According to the consensus view, it was primarily physical capital accumulation that drove economic growth during the early years of state socialism. Growth models incorporating both human and physical capital accumulation led to the conclusion that a high physical/human capital ratio can cause a lower economic growth in the long run, hence offering an explanation for the failure of socialist economies. In this paper, we show theoretically and empirically that according to the logic of the socialist planner, it was optimal to achieve a higher physical to human capital ratio in socialist countries than in the West. Using a VAR analysis, we find empirical confirmation that within the Material Product System of national accounting, the relative dominance of investment in physical capital accumulation relative to human capital was indeed more efficient than under the system of national accounts.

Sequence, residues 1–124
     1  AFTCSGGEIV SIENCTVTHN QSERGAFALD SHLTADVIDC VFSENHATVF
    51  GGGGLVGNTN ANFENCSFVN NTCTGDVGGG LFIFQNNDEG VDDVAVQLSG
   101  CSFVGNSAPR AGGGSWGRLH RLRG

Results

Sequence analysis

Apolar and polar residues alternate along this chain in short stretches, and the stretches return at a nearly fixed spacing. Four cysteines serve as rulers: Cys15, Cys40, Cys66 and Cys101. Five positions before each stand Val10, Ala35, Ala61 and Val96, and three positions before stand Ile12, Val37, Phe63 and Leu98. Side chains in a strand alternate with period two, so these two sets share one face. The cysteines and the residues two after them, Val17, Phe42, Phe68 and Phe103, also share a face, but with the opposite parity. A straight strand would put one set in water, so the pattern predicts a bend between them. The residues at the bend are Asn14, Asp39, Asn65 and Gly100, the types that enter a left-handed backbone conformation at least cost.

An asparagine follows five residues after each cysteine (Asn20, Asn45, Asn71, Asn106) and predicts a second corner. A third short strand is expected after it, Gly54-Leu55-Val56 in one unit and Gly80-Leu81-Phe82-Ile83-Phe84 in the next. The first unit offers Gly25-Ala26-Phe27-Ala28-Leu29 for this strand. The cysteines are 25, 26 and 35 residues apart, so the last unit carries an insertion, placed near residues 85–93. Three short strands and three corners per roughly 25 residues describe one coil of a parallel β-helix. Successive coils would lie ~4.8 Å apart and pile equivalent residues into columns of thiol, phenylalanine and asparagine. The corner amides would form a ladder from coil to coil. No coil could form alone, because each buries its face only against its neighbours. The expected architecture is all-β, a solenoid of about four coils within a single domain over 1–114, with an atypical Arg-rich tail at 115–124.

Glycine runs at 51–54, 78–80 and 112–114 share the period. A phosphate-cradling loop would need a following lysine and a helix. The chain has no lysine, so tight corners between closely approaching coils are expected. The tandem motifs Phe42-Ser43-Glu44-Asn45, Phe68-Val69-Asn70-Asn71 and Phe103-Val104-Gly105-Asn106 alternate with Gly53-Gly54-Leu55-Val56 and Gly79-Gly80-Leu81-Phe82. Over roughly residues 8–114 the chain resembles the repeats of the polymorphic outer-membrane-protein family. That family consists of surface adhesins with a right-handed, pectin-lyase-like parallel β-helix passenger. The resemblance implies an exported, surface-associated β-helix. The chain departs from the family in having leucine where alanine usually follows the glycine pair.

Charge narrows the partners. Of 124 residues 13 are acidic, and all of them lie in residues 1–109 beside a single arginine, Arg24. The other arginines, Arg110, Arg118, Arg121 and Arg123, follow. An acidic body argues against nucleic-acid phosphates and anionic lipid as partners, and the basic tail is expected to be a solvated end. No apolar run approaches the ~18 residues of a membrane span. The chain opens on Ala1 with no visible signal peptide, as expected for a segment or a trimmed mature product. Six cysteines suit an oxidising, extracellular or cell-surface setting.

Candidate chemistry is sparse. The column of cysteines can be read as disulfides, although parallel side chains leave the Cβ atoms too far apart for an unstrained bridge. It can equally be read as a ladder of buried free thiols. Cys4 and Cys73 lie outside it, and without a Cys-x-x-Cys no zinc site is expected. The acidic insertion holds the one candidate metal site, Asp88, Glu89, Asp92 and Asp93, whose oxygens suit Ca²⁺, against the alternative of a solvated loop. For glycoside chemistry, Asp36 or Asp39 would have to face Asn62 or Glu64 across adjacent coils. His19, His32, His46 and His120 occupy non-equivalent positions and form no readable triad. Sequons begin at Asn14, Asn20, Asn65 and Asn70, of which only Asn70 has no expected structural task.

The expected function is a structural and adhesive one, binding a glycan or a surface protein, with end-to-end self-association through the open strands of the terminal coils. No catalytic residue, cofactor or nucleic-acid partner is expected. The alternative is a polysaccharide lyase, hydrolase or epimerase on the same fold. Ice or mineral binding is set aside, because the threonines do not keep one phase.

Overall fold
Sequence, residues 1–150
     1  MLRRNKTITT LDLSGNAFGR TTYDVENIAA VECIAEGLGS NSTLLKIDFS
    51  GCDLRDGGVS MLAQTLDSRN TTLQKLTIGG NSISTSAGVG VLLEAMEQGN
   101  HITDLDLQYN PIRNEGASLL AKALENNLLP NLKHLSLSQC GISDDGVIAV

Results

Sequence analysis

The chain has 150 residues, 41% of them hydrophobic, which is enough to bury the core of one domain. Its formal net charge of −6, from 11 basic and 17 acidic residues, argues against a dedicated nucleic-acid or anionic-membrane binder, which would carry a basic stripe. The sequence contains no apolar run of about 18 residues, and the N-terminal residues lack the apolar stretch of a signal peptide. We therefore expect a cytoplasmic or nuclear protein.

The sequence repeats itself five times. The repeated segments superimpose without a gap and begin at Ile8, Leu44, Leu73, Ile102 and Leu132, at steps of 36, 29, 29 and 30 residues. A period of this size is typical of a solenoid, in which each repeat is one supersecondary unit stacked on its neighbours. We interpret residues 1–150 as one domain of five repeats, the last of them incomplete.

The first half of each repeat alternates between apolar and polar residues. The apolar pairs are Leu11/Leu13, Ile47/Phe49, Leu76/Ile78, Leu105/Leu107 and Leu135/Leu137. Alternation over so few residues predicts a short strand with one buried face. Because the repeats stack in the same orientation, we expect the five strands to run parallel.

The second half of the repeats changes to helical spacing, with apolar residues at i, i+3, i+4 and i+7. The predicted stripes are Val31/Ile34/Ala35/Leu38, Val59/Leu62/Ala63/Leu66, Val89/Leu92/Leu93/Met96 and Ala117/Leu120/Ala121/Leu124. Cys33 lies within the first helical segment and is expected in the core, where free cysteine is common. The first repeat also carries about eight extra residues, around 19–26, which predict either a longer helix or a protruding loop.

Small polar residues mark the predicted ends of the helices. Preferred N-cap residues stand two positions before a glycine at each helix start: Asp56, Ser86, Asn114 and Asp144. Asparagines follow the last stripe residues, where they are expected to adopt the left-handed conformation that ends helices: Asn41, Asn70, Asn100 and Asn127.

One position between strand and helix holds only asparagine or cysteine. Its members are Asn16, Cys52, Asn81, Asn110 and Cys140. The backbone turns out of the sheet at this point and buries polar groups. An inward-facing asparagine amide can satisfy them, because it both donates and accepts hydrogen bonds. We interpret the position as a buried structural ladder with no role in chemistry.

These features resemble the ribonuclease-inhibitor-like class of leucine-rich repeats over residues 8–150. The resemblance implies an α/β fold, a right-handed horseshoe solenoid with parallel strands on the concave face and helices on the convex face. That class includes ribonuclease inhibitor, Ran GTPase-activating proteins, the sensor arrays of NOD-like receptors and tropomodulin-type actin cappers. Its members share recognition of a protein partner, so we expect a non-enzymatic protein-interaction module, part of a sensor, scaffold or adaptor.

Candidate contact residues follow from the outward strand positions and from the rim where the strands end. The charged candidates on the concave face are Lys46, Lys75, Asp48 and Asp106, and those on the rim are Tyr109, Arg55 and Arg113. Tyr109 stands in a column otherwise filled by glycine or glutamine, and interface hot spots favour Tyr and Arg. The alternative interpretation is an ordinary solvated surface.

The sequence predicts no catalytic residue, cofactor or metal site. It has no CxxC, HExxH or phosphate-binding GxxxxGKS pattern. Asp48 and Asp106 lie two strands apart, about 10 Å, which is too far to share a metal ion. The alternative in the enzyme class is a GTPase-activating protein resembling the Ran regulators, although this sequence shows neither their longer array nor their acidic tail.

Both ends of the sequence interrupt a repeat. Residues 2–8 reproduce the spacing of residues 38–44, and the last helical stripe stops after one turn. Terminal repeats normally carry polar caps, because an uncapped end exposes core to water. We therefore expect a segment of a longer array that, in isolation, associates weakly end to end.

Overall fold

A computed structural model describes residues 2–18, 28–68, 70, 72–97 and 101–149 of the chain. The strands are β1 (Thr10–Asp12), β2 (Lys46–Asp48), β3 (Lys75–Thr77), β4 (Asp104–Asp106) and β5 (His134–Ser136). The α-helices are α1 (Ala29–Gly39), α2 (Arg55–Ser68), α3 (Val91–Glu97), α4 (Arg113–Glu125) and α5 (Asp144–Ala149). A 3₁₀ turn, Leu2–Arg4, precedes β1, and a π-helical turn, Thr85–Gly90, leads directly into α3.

keywords

Central planning, capital accumulation, human capital, Soviet Union, national accounts, E01, E22, O11, O21

citation format

MLA
Földvári, Péter, Bas van Leeuwen, and Dmitry Didenko. “Capital formation and economic growth under central planning and transition: A theoretical and empirical analysis, ca. 1920–2008.” Acta Oeconomica 65.1 (2015): 27-50.
APA Földvári, P., van Leeuwen, B., & Didenko, D. (2015). Capital formation and economic growth under central planning and transition: A theoretical and empirical analysis, ca. 1920–2008. Acta Oeconomica, 65(1), 27-50.